# Actual meteor sightings formula

I'm trying to realistically approximate the value of meteor sightings during a meteor shower because I don't want to have high expectations going in. I have a couple questions about this formula I found from this site

Number of meteors=ZHR×sin(θ)/(F×r^6.5−m)

Question 1

I would like to know for the calculation of F, where

F=1/(1−k)

where k is the fraction of the sky which is which you cannot see, because it is obscured by cloud or other obstructions such as trees.

Assuming I am on a flat plain with no trees/building whatsoever and I have a clear view from 0-180 degrees (cross section view of the earths crust). Will k be 0.5 based on the fact that I cannot see whats below ground (180-360 degrees).

Also will the limitation of the human eye affect this value? I.e If I am facing north my peripheral vision can only reach maybe north east to north west hence further increasing k value above?

Question 2

What value should I have for m in the above formula if I am at this location? I currently assume a value of 6 according to this wiki. Is this right?

## 1 Answer

The factor k, the fraction of sky you cannot see, is not adjusted because of the ground or your peripheral vision. When on a flat plain (a "sea-level" horizon) and none of the sky is covered by clouds, buildings, or trees, then k=0. (Therefore, F=1, and the Zenithal Hourly Rate is not diminished.)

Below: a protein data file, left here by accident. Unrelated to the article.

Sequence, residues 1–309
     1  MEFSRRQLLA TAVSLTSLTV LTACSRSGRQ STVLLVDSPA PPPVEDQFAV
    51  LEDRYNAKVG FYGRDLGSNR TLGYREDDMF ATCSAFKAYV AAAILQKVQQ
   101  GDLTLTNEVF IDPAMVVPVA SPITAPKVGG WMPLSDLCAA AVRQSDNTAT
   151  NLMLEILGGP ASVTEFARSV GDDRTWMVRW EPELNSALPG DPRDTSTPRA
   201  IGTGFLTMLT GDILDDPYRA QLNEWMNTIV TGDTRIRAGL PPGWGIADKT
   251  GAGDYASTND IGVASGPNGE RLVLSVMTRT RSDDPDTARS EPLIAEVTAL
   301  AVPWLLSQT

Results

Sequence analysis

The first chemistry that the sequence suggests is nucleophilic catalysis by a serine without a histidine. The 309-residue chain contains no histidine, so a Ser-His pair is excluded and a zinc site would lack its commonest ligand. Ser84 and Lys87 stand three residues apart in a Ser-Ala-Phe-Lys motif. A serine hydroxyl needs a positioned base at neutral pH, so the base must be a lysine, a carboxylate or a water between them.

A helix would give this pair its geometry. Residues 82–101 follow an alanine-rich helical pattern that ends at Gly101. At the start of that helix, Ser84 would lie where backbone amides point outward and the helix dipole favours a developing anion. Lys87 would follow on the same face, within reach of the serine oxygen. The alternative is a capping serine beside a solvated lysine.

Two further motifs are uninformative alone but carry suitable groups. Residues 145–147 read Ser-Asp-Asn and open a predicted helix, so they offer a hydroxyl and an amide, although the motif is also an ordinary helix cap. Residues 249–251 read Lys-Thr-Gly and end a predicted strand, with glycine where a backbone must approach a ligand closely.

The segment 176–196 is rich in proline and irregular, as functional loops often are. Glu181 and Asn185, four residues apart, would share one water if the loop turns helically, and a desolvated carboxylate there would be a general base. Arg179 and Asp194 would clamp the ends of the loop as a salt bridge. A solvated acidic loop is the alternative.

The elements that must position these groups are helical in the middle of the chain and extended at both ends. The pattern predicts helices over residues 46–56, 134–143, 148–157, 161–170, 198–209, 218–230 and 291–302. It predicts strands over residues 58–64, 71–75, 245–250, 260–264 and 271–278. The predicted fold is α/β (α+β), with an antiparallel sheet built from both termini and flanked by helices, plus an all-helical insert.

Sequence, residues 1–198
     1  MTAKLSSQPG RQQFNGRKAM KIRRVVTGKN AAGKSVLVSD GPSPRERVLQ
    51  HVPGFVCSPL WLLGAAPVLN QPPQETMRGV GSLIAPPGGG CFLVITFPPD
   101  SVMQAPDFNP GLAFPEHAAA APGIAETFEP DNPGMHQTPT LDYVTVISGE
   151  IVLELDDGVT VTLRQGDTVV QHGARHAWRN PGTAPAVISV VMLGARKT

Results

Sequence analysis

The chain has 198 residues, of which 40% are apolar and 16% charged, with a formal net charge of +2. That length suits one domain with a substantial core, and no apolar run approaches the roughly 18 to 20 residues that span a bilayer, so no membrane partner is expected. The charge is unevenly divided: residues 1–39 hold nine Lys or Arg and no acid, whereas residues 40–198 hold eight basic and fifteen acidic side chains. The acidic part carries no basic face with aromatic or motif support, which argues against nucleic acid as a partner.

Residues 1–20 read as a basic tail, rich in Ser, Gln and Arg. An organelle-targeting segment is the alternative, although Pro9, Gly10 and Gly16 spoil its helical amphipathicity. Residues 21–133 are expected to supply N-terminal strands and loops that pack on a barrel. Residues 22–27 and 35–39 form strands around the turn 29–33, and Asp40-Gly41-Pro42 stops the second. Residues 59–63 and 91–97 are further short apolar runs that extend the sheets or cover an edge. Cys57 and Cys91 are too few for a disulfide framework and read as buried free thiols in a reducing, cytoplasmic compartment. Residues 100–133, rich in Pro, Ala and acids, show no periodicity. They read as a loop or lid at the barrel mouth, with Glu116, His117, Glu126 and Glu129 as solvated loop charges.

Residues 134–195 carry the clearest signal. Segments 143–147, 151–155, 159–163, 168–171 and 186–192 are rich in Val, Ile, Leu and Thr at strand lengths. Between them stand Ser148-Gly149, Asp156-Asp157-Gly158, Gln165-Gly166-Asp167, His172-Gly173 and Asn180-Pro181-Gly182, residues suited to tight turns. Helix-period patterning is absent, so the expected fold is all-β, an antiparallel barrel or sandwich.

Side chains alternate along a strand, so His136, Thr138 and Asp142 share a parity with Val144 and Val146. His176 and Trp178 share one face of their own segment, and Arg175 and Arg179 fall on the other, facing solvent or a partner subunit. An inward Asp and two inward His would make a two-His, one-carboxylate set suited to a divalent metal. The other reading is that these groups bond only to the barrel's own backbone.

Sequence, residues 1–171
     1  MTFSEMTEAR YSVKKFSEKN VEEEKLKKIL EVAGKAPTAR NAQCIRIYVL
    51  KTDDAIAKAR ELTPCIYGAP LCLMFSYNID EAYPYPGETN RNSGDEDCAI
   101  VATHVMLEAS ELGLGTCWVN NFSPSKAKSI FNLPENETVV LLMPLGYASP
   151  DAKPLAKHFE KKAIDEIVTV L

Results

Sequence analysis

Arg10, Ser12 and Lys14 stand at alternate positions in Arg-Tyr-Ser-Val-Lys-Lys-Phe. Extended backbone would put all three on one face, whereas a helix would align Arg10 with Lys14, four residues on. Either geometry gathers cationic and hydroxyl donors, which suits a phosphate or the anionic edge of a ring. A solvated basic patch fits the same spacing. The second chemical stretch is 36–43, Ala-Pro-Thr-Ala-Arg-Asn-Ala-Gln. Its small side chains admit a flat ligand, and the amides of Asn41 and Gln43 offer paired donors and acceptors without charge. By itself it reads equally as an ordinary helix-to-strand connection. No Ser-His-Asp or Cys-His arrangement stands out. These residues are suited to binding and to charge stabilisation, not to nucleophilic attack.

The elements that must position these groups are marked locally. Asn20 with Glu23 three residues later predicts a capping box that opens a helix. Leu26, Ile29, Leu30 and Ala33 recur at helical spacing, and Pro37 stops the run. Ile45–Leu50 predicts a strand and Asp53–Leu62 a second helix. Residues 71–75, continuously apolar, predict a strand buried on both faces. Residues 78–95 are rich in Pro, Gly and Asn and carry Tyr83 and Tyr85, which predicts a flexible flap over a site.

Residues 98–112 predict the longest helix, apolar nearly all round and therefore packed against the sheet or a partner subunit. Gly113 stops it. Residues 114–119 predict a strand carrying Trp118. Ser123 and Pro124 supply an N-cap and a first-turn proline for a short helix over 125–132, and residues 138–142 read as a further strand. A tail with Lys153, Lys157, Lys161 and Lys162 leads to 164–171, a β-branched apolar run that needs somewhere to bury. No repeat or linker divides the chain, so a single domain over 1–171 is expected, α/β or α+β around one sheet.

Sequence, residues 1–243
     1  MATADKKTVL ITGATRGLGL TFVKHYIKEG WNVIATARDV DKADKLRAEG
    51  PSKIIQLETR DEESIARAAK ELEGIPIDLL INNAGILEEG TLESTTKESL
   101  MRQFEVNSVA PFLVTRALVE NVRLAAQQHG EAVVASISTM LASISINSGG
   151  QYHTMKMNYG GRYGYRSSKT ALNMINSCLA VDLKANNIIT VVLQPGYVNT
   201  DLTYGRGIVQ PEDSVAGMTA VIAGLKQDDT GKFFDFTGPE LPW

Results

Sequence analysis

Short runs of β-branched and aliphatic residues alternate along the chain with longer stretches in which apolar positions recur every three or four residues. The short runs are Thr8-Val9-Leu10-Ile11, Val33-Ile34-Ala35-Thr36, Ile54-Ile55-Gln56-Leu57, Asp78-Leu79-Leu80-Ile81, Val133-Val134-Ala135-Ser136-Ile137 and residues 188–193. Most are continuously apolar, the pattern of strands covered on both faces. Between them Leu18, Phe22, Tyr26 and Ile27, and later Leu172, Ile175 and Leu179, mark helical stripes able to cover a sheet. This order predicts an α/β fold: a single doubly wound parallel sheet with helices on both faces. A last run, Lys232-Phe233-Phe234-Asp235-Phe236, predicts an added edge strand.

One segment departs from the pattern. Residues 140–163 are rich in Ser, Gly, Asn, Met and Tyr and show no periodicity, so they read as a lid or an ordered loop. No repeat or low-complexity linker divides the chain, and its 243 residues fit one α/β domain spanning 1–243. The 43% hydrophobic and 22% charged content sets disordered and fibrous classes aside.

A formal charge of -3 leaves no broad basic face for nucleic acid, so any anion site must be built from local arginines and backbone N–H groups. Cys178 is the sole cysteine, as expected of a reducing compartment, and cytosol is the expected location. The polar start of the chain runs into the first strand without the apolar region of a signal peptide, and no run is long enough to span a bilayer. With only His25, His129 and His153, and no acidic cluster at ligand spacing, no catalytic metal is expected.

I do not know how the light pollution map was created and whether it accounts for the humidity. The humidity can have a significant effect on the limiting magnitude. In other words, if it is a dry day and the air is clear, you can see fainter stars than if it is a humid day and the sky is murky. If your location is clear (so you have blue skies during the day and black skies at night), then assuming m=6.5 is realistic. (Note that when you click on a location on the light pollution map, it will give the Bortle classification. Clicking the link for the Bortle class will give the expected limiting magnitude.) Of course, the limiting magnitude also depends on your eyesight. Younger people can see fainter stars than older people. (I just tried the map for my location, and it predicts 5.5 to 6.0. I can usually only see stars in the range of 5.0 to 5.5 because of the light pollution and humidity.)